Australia’s powerful banking regulator has stressed it cannot “hold back the tide” of the property cycle and exert control over house prices, underlining the limitations of recent curbs on bank home lending.
Wayne Byres, chair of the Australian Prudential Regulation Authority, highlighted this reality as he also flagged “further tightening” from banks in the $1.5 trillion mortgage market.
APRA’s Wayne Byres expects more tightening from banks in the home loan market. Photo: Louie Douvis
In response to a rapid build-up of household debt and soaring Sydney and Melbourne house prices, Mr Byres last month unveiled new caps on interest-only lending by banks, causing lenders to raise interest rates for some borrowers.
ANZ was the latest bank to respond on Friday, raising fixed interest rates for customers taking out interest-only home loans by up to 0.4 percentage points. It also cut fixed rates for borrowings taking out principal and interest loans.
Experts believe APRA’s curbs are behind a gentle slowdown in the property market in the last month, but Mr Byres on Friday emphasised the regulator’s main focus was not house prices, which moved in response to underlying market forces.
“Property prices are driven by a range of local and global factors that are well beyond our control: whether prices go up or go down, we are, like King Canute, unable to hold back the tide,” Mr Byres said at a Committee for Economic Cooperation of Australia event.
Instead of controlling prices, the regulator’s goal is to protect depositors who have entrusted their money to banks by trying to ensure banks are prudent. Even so, APRA’s intervention is closely linked to house prices, as it was launched in response to fears of the economic risks created by an overheated property market.
APRA’s crackdown last month was its second intervention since late 2014, when it targeted property investors and poor lending standards.
Mr Byres said such interventions were “unusual” for the regulator, but warranted in the high-risk environment of cheap credit, high house prices and debt levels, and low income growth.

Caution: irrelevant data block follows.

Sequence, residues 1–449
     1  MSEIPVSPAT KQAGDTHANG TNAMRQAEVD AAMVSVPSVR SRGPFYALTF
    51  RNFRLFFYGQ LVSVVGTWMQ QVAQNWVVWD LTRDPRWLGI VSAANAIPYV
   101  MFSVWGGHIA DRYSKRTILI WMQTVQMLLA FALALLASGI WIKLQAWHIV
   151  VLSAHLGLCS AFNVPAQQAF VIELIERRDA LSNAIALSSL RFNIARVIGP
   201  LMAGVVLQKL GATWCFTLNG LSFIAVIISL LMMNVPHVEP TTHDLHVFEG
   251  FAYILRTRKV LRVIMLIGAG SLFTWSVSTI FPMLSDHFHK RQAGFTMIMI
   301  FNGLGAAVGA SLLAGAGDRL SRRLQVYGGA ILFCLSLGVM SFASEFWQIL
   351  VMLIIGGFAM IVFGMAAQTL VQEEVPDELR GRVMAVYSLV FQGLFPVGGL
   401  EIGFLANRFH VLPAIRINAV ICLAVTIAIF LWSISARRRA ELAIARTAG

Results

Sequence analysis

He said the regulator’s 2014 restrictions had made a difference – pointing to fewer low-deposit loans being written, and the higher interest rates that property investors are now charged compared with other borrowers. As banks respond to the latest curbs on interest-only lending, there was likely to be “further tightening,” he said.
“As a result of our most recent guidance to lenders, we expect some further tightening to occur,” he said.
Mr Byres did not specify if further tightening would occur through higher interest rates – as some analysts expect – or credit rationing by the lenders.
Other speakers at the event also argued underlying forces – strong demand for property and a lack of supply – were the main reasons for the strength in the Melbourne and Sydney markets.
Commonwealth Bank’s global head of real estate, Graeme Ross, said foreign buyers had become a “very material” proportion of buyers in the NSW residential real estate market. He pointed to figures showing Sydney apartments remained cheaper than those in China, and offered a higher return.
“It’s underpinned by very strong demand. People want to diversity their capital,” he said. “There’s some really strong, fundamental drivers as to why people are investing in Australian housing markets from offshore.”
Reserve Bank governor Philip Lowe said earlier this month that restrictions on bank lending could lower financial risks but “the underlying driver in our housing market is the balance between supply and demand.”
“The availability of credit is undoubtedly a factor that can amplify demand, but it is not the root cause,” Dr Lowe said.